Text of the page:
Now that yoga has spread in a huge way to Western culture, it’s not only hipsters and cool yogis rejoicing. Chronic pain sufferers have found plenty to be happy about when practicing yoga, including some incredible relief from aches and pains in joints and muscles. One study published in Annals of Internal Medicine reported that a weekly yoga class increased mobility more than standard medical care for a group of 313 chronic lower back pain sufferers. But are there parts of the practice that those looking to alleviate lower back pain should actually avoid? For starters, here are four yoga poses that can alleviate lower back pain, and then four that could do some serious damage.
- Child’s Pose. Simple and comforting, the child’s pose allows for a gentle stretch of your spine in all the right places that allows it to align and elongate.
- Sphinx Pose. Slowing working your way into sphinx pose helps you get a natural, gentle curved stretch in your lower back. Don’t push yourself much with this one, take it slow.
- Reclined Supine Twist. The slight back-and-forth movement of your knees in this floor-based pose lets you stretch your back with a good amount of control, so there’s little risk of you causing more injury by accident.
- Downward Dog. When done correctly, the downward dog is great for letting gravity stretch and lengthen your achy back. You need to keep your spine “neutral” — not over-rounded or over-arched. Which brings us to…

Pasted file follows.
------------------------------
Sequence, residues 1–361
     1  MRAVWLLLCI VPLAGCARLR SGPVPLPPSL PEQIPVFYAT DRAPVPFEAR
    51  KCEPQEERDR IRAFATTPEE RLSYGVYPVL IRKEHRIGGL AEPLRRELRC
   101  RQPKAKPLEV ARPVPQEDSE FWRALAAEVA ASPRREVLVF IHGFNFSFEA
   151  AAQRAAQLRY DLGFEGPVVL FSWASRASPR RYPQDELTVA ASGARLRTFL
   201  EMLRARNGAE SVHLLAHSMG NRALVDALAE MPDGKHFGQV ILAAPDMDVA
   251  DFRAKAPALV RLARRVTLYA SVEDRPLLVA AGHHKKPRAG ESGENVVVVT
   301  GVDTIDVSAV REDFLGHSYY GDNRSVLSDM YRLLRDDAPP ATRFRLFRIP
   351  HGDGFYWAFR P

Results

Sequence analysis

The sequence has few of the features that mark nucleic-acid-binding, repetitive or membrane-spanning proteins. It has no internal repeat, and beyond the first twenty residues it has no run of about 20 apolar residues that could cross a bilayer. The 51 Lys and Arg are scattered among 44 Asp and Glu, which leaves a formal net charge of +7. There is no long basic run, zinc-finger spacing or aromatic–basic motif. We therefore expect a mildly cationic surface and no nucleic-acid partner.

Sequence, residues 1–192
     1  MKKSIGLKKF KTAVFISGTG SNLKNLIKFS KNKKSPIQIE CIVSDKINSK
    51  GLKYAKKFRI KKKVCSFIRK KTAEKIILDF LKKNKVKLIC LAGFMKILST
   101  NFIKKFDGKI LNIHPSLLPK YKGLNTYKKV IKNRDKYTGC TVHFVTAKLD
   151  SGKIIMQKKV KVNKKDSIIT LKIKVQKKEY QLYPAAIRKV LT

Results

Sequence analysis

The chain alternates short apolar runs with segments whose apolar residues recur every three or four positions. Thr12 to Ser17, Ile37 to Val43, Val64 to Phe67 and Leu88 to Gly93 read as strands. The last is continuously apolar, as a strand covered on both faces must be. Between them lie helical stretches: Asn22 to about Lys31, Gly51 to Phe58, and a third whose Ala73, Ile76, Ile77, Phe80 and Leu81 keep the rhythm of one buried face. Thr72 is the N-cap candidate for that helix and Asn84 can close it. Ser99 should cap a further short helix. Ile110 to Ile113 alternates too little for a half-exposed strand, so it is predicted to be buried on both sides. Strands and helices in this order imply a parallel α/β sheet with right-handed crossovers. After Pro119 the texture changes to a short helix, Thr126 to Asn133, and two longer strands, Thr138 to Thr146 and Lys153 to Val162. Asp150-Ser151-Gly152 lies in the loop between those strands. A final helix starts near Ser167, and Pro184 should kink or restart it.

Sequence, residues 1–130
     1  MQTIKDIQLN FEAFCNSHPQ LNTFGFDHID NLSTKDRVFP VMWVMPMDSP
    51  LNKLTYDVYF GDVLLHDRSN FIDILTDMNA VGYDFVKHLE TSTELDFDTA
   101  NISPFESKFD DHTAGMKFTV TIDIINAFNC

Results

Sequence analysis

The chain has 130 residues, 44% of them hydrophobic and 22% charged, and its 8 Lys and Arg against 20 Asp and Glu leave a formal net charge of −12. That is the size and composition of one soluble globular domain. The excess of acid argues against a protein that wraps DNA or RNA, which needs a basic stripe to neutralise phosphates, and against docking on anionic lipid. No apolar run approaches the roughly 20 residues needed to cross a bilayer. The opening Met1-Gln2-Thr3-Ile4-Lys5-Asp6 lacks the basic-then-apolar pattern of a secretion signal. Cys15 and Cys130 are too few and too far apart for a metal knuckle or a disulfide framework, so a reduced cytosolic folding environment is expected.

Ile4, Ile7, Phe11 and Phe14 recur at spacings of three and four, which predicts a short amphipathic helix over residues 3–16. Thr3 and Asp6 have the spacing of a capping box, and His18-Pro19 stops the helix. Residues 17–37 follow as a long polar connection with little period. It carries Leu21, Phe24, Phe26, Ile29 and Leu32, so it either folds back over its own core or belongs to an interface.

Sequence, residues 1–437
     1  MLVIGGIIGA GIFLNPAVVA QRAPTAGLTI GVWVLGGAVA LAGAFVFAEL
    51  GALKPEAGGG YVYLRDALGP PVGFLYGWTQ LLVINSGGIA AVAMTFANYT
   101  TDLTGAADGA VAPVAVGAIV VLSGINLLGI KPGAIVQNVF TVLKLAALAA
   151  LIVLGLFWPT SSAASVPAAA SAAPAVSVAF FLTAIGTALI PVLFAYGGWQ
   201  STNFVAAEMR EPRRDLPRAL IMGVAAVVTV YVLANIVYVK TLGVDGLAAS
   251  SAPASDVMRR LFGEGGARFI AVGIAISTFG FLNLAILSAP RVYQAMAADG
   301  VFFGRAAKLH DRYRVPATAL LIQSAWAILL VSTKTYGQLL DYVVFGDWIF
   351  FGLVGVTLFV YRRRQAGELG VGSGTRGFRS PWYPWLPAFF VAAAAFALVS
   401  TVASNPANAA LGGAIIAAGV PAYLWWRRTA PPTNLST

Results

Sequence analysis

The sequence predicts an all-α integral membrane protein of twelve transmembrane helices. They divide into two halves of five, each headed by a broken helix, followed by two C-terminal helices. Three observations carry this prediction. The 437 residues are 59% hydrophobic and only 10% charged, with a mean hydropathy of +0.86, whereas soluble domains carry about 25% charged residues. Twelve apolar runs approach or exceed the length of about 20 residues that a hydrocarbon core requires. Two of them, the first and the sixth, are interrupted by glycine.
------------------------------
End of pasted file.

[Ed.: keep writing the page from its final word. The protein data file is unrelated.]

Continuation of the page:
- Downward Dog. Sure, it might be cheating a bit to have the downward dog pose on both lists, but it really is a double-edged sword. If you lack the proper strength in your legs and arms to help support yourself, or you’re not confident in your spine’s stability, then skip it.
- The Seated Twist Pose. Your lower back isn’t designed to withstand a lot of twisting, and unfortunately, it’s all too easy to twist too much with your lower back instead of your mid-back in this pose. Also, it’s difficult to quickly and safely untangle yourself from should you hurt something in your back mid-pose.
- Bow Pose. When in bow pose, the majority of your weight and muscle use rests in your core and your lower back. It also puts a strong curve in your lower back, so it can be especially harmful and uncomfortable for pain sufferers to hold.
- Cobra Pose. The more dramatic cousin of the sphinx pose, the cobra pose is simply too much bending and pressure for lower back pain sufferers.
Remember that any yoga pose can be potentially ineffective or even damaging when done wrong. The details of your personal case matter, as well. Whenever possible, follow your doctor and chiropractor’s advice, and follow yoga practices carefully and thoughtfully.